Q. I’ve heard that Obamacare’s preventive care mandates only help women. I’m a man, and I feel like I’m getting the short end of the stick.
A: Never fear, the ACA mandates free preventive care for everyone. There are certain services that are specific to all adults, some for children, and a separate subset that apply to women. HHS has explained why there was a special need for mandated benefits that apply to women’s health – for the most part, it’s preventive care that applies to illnesses or conditions that only – or predominantly – impact women.
What preventive services are free?
Free preventive care is not a catch-all phrase. The service in question has to fall into one of three categories in order to be under the umbrella of preventive care that non-grandfathered health insurance plans must provide at no cost to the consumer (at the time of service; it’s understood that the cost of preventive care is wrapped into the premiums that we all pay each month):
- Rated “A” or “B” in the current United States Preventive Services Task Force (USPSTF) recommendations. (As detailed below, a judge has ruled that USPSTF recommendations should no longer be included in the free preventive care that health plans have to cover, but this issue is still tied up in the legal system.)
- Recommended in the guidelines from the Health Resources and Services Administration (HRSA), including the Women’s Preventive Services Guidelines and the Bright Futures recommendations for children (infancy through age 21).
- Recommended by the Centers for Disease Control & Prevention’sAdvisory Committee on Immunization Practices (ACIP).
KFF’s preventive services tracker includes a note for each service, clarifying which body recommends it. That’s important in terms of the lawsuit over covered preventive care, which we’ll discuss in a moment.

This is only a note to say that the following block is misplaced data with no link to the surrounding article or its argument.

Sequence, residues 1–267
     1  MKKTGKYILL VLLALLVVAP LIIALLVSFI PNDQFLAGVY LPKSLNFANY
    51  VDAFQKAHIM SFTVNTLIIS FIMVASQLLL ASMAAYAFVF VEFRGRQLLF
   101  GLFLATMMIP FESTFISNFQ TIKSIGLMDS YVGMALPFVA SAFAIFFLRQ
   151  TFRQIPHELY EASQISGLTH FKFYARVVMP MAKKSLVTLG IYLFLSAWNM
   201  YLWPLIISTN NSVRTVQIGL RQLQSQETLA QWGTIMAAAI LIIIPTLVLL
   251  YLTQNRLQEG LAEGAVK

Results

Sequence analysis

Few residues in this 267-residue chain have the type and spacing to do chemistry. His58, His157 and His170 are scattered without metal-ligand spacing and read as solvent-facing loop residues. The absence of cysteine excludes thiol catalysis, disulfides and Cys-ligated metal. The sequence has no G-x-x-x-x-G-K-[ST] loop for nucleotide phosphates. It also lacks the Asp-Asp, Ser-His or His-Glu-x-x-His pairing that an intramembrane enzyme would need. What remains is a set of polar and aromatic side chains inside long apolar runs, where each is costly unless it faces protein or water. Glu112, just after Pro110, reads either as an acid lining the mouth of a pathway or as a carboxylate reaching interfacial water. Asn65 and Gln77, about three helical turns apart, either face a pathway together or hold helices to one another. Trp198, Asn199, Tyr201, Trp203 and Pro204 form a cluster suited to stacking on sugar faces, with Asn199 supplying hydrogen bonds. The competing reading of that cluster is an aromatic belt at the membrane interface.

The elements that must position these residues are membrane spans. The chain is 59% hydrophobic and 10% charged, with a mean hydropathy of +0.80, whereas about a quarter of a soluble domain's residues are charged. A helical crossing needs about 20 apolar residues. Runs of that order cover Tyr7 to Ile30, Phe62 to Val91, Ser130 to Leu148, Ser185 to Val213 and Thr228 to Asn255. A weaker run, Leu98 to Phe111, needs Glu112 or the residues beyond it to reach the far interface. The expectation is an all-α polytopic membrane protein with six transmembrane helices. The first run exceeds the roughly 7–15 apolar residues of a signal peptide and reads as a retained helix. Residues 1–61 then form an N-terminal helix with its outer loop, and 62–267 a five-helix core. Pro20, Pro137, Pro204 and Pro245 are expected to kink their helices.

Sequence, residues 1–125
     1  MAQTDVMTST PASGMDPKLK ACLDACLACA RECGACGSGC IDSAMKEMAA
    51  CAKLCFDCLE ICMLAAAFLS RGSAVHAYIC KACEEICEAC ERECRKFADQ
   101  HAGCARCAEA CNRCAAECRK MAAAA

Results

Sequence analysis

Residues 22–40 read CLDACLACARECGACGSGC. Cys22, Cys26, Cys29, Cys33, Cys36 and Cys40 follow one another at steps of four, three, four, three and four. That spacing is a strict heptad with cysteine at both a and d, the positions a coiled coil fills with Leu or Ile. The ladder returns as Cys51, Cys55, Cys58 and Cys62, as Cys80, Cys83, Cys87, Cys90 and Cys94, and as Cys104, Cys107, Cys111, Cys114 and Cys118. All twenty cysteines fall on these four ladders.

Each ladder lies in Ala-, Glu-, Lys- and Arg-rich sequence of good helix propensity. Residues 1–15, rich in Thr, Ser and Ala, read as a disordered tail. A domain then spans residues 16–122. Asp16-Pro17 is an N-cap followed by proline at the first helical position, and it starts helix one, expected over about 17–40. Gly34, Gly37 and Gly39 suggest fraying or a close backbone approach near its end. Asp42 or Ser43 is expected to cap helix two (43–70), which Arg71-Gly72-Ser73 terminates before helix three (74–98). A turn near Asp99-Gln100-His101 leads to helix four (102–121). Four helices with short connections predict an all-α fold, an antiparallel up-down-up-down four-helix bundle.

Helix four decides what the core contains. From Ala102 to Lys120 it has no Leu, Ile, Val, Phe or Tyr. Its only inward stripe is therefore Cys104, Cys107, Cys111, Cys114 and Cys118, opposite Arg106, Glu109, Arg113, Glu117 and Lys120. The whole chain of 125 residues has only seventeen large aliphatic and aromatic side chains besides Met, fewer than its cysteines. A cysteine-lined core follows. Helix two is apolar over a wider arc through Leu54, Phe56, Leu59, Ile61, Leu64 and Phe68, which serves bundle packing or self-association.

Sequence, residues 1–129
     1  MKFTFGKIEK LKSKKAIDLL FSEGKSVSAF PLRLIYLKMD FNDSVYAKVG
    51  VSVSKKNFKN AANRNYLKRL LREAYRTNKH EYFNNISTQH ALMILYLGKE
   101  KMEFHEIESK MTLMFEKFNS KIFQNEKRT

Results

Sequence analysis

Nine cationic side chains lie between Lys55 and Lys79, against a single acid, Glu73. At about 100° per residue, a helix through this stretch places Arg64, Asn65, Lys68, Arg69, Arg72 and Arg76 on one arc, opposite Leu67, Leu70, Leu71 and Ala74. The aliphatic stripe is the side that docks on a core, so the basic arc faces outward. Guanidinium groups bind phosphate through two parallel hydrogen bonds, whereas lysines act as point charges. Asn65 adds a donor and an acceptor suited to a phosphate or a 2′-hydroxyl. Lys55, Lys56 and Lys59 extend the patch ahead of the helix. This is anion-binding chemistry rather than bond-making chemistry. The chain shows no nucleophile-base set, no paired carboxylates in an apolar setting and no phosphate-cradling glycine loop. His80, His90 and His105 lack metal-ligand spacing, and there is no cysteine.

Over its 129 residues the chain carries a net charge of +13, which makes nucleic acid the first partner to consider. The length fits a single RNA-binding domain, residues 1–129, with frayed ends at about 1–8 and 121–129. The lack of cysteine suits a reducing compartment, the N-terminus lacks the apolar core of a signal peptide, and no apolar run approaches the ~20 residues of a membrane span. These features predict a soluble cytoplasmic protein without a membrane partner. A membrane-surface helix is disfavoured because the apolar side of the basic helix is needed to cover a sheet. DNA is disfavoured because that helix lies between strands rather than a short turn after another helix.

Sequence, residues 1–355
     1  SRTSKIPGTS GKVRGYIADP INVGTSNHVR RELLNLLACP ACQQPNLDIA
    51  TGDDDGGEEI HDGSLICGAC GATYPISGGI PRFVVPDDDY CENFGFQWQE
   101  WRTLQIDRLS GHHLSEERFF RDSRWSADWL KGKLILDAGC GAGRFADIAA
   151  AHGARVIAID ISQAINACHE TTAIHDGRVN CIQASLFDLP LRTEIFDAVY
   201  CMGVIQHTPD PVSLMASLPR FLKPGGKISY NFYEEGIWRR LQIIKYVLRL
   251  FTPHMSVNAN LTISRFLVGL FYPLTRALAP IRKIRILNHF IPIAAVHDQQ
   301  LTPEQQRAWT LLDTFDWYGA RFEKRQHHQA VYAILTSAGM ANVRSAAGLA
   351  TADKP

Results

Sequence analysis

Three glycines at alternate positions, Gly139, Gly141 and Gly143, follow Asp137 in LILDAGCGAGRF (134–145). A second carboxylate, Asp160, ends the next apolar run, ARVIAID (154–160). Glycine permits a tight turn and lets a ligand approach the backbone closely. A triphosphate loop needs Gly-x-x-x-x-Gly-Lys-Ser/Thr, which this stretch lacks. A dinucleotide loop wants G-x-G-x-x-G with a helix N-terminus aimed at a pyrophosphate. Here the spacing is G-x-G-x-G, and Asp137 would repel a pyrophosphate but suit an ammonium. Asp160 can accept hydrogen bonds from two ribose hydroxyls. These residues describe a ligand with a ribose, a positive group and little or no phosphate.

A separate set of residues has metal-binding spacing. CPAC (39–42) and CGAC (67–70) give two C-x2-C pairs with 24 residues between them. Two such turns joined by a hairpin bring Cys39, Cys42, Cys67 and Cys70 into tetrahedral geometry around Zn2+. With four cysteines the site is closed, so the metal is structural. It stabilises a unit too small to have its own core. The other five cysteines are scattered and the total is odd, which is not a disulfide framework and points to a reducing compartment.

In normal circumstances, there’s a delay that can last nearly two years before recommendations from USPSTF, HRSA, or ACIP are built into health insurance plans. But for COVID-19 vaccines, that was shortened to just 15 business days. ACIP finalized their recommendation for the COVID-19 vaccine in mid-December 2020, so all non-grandfathered health plans cover COVID-19 vaccines with zero-cost sharing as of early January 2021 (which was well before the vaccines were actually available for most people).
Has a judge ruled that health plans will no longer cover preventive care?
In September 2022, Judge Reed O’Connor issued a ruling in Braidwood v. Becerra that potentially threatens the ongoing coverage of services recommended by the USPSTF. But for the time being, nothing has changed. The judge has asked the parties in the lawsuit to submit additional information and we do not yet know the scope of the eventual ruling (whether it will apply only to the plaintiffs, or potentially nationwide) or whether it will be stayed (not go into effect) while the case is appealed.
Judge O’Connor ruled that requiring health plans to cover services recommended by the USPSTF violates the Appointments Clause, because members of the USPSTF have not been nominated by the president or confirmed by the Senate (this is by design; Congress intended this body to be comprised of experts who are free from political interference).
He also ruled that requiring health plans to cover PrEP (for prevention of HIV transmission) is a violation of the Religious Freedom Restoration Act (PrEP has an “A” rating from the USPSTF, so if USPSTF recommendations were to be eliminated from health plan coverage requirements, that would effectively remove the requirement to cover PrEP).
Judge O’Connor did not rule against ACIP and HRSA having authority to recommend preventive care requirements for health plans. So if his ruling were to eventually be upheld by a higher court, it would potentially mean that some currently-covered preventive services would become optional for health plans to cover with zero cost-sharing, while others would not (here’s a list of which services are recommended by each entity).
For health plans that are regulated at the state level (ie, plans that aren’t self-insured), states could require health plans to continue to cover USPSTF-recommended care with no cost-sharing, even if that requirement is eliminated at the federal level. States could ensure this is part of their benchmark plan, which would apply to individual and small group plans, or could impose legislation that applies to all state-regulated plans, including large group plans.
Are any free preventive services specific to men?